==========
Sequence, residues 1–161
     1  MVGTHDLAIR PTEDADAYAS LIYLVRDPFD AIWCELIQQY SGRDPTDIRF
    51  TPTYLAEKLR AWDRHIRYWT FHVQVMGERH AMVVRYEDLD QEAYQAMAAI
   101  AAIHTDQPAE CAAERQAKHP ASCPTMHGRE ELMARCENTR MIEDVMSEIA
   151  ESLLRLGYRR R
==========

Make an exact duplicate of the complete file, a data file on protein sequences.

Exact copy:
Sequence, residues 1–161
     1  MVGTHDLAIR PTEDADAYAS LIYLVRDPFD AIWCELIQQY SGRDPTDIRF
    51  TPTYLAEKLR AWDRHIRYWT FHVQVMGERH AMVVRYEDLD QEAYQAMAAI
   101  AAIHTDQPAE CAAERQAKHP ASCPTMHGRE ELMARCENTR MIEDVMSEIA
   151  ESLLRLGYRR R